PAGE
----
Musings and comments about our common interest
This time we’ll discuss the pure short term time functions, not the ones related with days between dates, day of the week, etc. We’ll discuss functions that return seconds of milliseconds.
Did you know that you could use the HP Prime as a stopwatch for your experiments in class? You have several functions that can do the trick.
On one side, you have the TICKS function. It returns the internal millisecond clock value. While this function is not exactly what you were looking in itself, the point here is that you can subtract the value of the function at two different moments in time, and you’ll get the number of milliseconds between these two moments. You can prepare a simple program where you launch a subroutine with an input function, that triggers the tick function and stores its result in a variable, and then you launch another in order to end, store the result in a different value, subtract both, divide by 1000 and you have the number of seconds between the two events that triggered the function.
There is another possibility, which is very neat: using the function TEVAL(). It returns the time in seconds that it takes to evaluate its argument. So, if the argument is a program you have created, that, for example, ends when you press a key, the function will return the number of seconds since you started it until you pressed a key. Neat, isn’t it?
Can any of you provide one of such small programs?
In these and other articles to come, we will discuss some of the new features of the new HP Prime firmware, numbered 7820.
(By the way, one of the things I look after each firmware update is the power consumption of the calculator. Not using a multimeter and seeing the the actual current demanded from the batteries in standby, running programs and dormant; but paying attention on how long it takes from consecutive charges. It is good to mention that it doesn’t consume more, but, if anything, batteries last longer now. Again, not a scientific measure)
Today we will talk about the new time functions. Prior to this release, there were several time-related functions, but pretty much low level, like reading the number of ticks from the internal clock. This has limited use for a normal user - it is much more aimed to the programmer that needs to time events in the program flow.
Now, let’s discuss the new time functions, starting with algebraic or txt book data entry format.
The new functions are:
It calculates the number of days between two dates. The format is the more generic YYYY.MMDD (but equally odd for U.S. and European users). The use of either American or European date formats would have created the need for much more hassle; just take a look to what happens with the simpler decimal point or comma, and the separation of digits in number format. It actually make some functions and programs to fail. but then why are there here options for setting the date format in the setting pages? It seems that it only applies to the Prime’s right upper corner display!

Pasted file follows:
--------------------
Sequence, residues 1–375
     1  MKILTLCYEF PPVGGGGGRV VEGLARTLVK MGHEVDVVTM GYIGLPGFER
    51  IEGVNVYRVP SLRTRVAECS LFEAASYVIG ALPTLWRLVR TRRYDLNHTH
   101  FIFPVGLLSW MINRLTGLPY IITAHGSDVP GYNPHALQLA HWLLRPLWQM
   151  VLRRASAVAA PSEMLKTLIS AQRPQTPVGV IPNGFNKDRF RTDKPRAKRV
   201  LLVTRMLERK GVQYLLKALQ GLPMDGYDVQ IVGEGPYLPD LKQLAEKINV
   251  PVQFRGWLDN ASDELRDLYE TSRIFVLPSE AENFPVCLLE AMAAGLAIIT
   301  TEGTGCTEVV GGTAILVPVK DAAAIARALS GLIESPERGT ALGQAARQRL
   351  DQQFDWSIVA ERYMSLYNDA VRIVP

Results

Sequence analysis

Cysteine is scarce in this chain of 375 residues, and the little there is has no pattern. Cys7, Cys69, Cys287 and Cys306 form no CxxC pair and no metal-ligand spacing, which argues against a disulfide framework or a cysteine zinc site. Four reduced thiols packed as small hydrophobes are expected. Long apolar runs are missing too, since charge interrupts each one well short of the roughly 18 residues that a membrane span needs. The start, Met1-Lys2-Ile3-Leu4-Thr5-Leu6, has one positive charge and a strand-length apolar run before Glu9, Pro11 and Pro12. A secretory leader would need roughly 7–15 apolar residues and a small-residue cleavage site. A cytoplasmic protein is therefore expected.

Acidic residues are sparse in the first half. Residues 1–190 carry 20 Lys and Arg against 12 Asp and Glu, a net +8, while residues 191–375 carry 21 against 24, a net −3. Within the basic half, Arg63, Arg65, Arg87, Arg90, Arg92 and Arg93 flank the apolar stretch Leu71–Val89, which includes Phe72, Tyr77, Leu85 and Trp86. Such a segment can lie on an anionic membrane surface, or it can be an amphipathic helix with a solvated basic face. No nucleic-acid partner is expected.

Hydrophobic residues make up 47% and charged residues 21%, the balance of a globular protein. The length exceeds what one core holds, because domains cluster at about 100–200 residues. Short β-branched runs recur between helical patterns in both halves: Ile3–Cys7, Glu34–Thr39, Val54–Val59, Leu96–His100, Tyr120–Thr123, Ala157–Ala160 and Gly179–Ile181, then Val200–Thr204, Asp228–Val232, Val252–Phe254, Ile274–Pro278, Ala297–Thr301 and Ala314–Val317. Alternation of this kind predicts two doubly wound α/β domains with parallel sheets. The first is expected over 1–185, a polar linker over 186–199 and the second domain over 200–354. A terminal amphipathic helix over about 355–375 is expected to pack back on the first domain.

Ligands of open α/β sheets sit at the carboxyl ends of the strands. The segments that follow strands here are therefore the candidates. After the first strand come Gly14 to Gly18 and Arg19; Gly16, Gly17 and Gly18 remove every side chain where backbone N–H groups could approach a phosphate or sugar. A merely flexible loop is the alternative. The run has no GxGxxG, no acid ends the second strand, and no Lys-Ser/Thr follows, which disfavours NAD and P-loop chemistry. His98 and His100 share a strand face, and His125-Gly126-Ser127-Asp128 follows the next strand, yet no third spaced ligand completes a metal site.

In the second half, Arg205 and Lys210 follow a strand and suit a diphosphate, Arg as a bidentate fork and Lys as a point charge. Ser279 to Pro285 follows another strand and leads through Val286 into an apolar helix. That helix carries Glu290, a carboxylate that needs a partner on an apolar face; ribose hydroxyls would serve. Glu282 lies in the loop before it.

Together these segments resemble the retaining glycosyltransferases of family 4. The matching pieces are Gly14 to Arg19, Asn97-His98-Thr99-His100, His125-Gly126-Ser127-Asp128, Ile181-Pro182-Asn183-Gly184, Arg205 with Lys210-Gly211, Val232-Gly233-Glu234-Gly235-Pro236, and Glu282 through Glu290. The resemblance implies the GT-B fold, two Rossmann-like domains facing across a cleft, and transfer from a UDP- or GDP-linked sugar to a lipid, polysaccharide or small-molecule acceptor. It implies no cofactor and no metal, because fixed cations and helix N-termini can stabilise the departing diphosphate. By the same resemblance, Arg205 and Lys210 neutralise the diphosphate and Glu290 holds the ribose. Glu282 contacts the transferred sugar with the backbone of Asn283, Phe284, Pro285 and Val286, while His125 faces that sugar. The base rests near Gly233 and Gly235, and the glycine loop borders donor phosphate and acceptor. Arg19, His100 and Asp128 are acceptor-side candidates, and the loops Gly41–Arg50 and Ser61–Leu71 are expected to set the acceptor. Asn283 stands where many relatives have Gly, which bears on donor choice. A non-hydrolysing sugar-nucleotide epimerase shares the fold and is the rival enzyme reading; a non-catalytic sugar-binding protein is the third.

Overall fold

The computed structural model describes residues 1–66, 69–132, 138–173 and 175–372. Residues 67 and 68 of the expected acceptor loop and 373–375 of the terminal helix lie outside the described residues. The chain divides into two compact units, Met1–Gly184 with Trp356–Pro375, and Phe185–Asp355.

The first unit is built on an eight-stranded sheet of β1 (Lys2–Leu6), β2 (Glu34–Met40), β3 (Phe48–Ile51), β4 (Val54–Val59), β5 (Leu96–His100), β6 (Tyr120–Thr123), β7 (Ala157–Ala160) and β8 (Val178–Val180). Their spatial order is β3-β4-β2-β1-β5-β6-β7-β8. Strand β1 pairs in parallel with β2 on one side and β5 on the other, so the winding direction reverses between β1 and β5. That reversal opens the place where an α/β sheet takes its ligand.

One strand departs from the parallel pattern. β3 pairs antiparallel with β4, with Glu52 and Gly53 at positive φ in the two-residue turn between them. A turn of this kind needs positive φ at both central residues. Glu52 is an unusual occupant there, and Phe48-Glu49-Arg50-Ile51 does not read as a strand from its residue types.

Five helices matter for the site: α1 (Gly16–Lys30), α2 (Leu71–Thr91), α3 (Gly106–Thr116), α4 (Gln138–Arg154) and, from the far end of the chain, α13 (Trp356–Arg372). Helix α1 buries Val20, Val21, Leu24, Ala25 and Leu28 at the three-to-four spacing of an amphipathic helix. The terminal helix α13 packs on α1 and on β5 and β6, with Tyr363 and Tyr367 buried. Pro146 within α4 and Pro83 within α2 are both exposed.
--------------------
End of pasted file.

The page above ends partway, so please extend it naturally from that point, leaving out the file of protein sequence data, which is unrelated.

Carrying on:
It doesn’t have any of the options of the HP19bii or hp17bii namely, the ability to calculate in 360 and 365 days, as opposed to the more standard natural calendar. I like the fact that the same name used in the Hp41c’s time module has been used here.
Please remember than in RPN you need to put Date1 in level 2 of the stack, Date2 in level one and only then enter DDAYS and ENTER!
DATEADD(Date, number of days)
Adds the number of days to the date, returning the result in Prime’s date format (YYYY.MMDD). Here the name deviates from what is burned in my ROMs! It gives a single result, not showing the day of the week as many other hp calculators did. Same as above for RPN: enter first date, then days to add, then the function!
Well, pretty much self-explaining name. Again, the date has to be entered in YYYY.MMDD format. It returns a number, not a string. It takes the convention of calling “1” to Monday, and so forth. Same provisos as above for RPN: first date, ENTER, function name and ENTER again.
(While I was looking at Prime’s help system for these functions, I noticed that there was a menu item I had not seen before: “Other”. When clicking on it, I found it showed the other two functions of the lot, screen-selectable. That’s a clever device! I am looking forward to see other function families to see how the help system organizes them in like-sets.)